"We often averaged 100 different camera set-ups in one day's shooting. Today, directors are fortunate if they can complete a dozen set-ups in the same time." Because the unions had not yet rigidly defined the duties and responsibilities of the crew members, everyone involved with the shooting pitched in to position lights, build sets, move props, or rig special effects.
"Those crews were geniuses. They knew their business. And they weren't afraid to bend the rules to save a dollar. We were using the Beverly Hills City Hall as a palace for a Hal Roach comedy two-reeler. We didn't have a permit or anything. We just put a propman inside and I came zooming up the steps on a motorcycle. I was on my way to break up the marriage of my girl friend to the heavy. So I roared up the steps. The propman opened the door. Inside I spun the motorcycle around and came out and bounced down the stairs. The camera was in the truck recording the entire scene and we got away clean before anyone realized what we had done."
Dave remembers the 30's fondly as the "gypsy days" of his career. They were all a bunch of kids having a good time making movies and stealing shots under the nose of the authorities without bothering for the proper permits which added a dash of zest and excitement to the daily production grind.
Universal, Columbia, Republic, Monogram, Mascot. They all subscribed to the same survival techniques necessitated by the lack of money. Decades before hand-held camera work became artistically acceptable, a single 35mm Nemo and a couple of sunlight reflectors was all the equipment used to grab a quick fight or chase in an isolated rock pit, along a deserted country road or an unguarded gas company installation.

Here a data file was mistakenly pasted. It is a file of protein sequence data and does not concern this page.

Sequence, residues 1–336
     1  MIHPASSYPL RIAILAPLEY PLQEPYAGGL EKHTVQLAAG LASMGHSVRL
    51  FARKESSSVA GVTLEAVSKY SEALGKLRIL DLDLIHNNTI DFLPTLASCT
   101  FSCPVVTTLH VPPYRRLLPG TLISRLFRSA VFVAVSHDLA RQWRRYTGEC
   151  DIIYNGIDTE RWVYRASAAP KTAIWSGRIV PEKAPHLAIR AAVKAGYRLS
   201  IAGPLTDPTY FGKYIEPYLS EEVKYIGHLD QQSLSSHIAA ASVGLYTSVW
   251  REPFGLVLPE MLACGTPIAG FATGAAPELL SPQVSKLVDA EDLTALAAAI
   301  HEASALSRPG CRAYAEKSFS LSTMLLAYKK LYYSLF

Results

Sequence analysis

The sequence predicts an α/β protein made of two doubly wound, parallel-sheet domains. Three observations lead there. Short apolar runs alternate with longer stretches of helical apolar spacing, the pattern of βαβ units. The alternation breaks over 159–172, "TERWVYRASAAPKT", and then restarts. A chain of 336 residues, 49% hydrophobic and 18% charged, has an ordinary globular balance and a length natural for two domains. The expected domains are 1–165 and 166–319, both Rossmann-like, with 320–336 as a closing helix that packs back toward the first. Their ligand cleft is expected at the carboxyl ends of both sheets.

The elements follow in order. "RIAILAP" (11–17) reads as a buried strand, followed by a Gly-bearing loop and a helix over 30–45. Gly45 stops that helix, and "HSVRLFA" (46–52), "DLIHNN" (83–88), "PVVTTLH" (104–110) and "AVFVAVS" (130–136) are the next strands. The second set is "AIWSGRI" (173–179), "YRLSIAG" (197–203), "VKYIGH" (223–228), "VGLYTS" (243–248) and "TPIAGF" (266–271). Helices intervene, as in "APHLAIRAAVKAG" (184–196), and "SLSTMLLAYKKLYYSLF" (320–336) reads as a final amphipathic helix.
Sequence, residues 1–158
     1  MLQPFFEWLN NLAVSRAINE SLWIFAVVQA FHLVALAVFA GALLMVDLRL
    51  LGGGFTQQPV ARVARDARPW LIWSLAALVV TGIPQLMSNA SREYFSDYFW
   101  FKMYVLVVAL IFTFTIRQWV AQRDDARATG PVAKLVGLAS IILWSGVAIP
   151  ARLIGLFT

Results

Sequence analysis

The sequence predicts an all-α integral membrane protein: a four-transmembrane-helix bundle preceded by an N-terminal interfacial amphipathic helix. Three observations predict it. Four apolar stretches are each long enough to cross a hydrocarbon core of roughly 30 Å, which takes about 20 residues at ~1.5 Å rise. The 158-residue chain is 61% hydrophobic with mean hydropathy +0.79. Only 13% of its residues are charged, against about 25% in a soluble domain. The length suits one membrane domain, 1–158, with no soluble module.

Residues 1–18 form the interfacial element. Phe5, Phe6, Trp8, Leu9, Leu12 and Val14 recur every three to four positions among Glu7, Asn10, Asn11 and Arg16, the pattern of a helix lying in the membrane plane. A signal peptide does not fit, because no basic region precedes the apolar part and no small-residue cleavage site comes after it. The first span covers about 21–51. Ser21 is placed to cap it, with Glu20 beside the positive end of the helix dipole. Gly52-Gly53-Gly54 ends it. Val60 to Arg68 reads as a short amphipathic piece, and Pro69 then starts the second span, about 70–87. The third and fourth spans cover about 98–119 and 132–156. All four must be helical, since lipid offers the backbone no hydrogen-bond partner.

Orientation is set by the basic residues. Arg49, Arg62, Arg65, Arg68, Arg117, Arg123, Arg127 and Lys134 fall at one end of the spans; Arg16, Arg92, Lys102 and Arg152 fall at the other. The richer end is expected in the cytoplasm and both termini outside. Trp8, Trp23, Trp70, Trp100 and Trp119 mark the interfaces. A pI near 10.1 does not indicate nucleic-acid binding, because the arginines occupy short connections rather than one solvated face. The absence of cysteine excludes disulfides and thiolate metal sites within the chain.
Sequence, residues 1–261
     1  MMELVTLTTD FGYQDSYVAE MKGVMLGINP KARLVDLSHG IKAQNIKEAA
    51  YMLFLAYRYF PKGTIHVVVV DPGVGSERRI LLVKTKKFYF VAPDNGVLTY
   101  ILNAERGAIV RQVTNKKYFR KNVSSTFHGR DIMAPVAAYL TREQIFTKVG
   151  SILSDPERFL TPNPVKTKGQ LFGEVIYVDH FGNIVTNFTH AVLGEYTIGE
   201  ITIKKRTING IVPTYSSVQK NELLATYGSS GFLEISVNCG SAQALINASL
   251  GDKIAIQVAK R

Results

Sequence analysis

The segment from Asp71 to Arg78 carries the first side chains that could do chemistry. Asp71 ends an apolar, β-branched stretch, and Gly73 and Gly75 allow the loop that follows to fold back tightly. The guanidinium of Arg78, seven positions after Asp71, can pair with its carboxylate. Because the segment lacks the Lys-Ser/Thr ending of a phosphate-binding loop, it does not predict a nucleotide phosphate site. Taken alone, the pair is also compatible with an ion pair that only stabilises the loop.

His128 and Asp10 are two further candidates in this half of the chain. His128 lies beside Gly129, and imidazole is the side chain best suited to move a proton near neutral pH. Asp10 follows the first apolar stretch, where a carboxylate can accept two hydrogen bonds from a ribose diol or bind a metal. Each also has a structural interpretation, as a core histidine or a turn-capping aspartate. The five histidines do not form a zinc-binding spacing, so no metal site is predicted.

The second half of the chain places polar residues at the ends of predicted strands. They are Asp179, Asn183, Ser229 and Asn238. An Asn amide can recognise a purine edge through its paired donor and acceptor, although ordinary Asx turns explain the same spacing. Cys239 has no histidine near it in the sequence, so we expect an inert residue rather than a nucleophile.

"We had some great stars and some great directors because it was constant improvising; fighting for your life to get something done" Sharpe said.
Most of the two-reel comedies were begun with little more than a rough story outline. The plot and action details were filled in during the actual shooting. "If we had a scene that called for a roadside restaurant, we didn't go out on the back lot. We didn't have one. We went out and for two bucks we talked some restaurant owner into the use of his place for a couple of hours and built the story around what was available in the diner."
Occasionally a disaster would mean a complete script rewrite. Robert Tansey, a director Dave considers an overlooked genius, was directing one of countless westerns for Mascot when the hero of the film was killed during a chase sequence because he forgot to duck as he rode under a lowhanging branch. "Tansey skipped lunch, went off by himself and came back with a new script that accommodated the disappearance of the lead and we went right on with the picture." (See Webmaster's note at the bottom of this page for some additional info on this.)